Acheson says there are a number of tools available to the homeowner should they run into trouble. A complaint can be made to the Financial Institutions Commission which regulates insurance providers. A homeowner can also institute mandatory mediation.
But realtor and homeowner advocate John Grasty says there’s little protection for the homeowner because they are forced to use a home warranty company selected by the builder.
“In my opinion what protection that is offered is worthless,” Grasty adds.
“There’s not enough political will. I don’t think enough consumers are speaking out. A lot of them can’t be bothered. It’s just too much of a huge organization to be arguing with. ”
Home inspector Ted Gilmour agrees. He says many of his clients are frustrated by the system.
“I think it’s disingenuous of the government to insist on you buying into that system that does not protect you because you have to sue the builder to get anything done is my experience.”
As for Tina and Ben, fighting with their insurance provider and the handling of their new home warranty claim has become a full-time job.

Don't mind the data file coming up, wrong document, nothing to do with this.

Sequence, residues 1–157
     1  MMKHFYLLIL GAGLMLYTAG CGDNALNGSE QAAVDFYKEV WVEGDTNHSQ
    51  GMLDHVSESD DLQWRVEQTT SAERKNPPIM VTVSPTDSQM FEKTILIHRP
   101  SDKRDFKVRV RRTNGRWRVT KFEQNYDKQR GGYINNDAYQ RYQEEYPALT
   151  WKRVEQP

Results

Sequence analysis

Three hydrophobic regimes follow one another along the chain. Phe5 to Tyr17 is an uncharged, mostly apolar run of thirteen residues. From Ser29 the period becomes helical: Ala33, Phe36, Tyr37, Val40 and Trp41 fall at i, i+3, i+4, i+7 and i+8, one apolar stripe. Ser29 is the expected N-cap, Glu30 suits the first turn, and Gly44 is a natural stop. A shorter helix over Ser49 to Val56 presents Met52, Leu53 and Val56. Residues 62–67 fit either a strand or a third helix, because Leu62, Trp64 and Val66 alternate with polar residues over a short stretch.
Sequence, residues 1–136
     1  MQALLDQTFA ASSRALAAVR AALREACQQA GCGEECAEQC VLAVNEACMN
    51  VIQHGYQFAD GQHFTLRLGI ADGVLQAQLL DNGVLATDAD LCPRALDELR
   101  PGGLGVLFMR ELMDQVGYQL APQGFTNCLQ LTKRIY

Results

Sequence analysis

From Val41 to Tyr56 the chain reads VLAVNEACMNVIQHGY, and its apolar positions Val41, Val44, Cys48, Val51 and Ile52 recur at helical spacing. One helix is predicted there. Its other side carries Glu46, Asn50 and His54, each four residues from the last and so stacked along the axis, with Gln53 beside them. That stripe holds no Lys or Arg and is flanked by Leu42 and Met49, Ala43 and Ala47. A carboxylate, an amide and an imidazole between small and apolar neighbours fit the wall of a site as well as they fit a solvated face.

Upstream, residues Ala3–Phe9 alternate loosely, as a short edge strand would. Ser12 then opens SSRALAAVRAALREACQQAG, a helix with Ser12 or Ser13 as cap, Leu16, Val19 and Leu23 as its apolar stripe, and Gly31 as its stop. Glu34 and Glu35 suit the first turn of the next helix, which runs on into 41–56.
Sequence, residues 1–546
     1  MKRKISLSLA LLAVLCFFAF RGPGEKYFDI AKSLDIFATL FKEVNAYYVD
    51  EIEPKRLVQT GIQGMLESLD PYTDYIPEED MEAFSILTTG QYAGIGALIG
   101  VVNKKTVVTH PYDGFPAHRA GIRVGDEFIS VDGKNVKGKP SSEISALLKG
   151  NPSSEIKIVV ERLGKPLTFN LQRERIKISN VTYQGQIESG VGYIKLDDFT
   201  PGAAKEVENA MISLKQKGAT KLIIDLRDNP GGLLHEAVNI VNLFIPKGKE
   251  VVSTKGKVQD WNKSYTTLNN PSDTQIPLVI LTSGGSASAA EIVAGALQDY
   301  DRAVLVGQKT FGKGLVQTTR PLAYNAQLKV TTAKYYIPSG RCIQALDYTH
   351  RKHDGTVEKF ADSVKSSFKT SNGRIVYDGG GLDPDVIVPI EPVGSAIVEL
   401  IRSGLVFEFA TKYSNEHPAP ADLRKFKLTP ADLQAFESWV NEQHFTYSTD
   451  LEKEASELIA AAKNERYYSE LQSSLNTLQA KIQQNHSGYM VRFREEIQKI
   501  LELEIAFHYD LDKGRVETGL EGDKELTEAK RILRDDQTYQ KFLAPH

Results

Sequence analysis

“You quickly realize going through the process, your idea of what is there is a complete misconception,” says Ben. “There’s no one literally there to help the homeowner.”
The Homeowner Protection Office says the province plans to review new home warranty insurance regulations in 2016.
Soaring real estate costs are pushing some Canadian cities to embrace laneway housing, touted as the future of affordable living in urban centres.
But as the properties become more popular and balloon in value, questions are beginning to arise about whether current insurance practices are sufficient.
Home insurer Square One Insurance says it has been fielding so many recent calls about laneway homes _ most of them in Vancouver _ that it’s started offering a separate product created specifically for the structures.
Daniel Mirkovic, the company’s president and chief executive, says in the past, laneway homes or coach houses were often $50,000 conversions of detached parking garages created by homeowners to house their adult children.
“Now, because of the high price of real estate, the whole concept of laneway housing has changed,” Mirkovic said. “When you’re looking at a laneway home that the owners have invested $200,000 or $300,000 dollars to build, that’s a very significant investment.”
Converting a back alley parking garage into a residential structure is one way for homeowners to offset the cost of pricey real estate by generating rental income. However, not all Canadian cities allow for laneway homes to be built.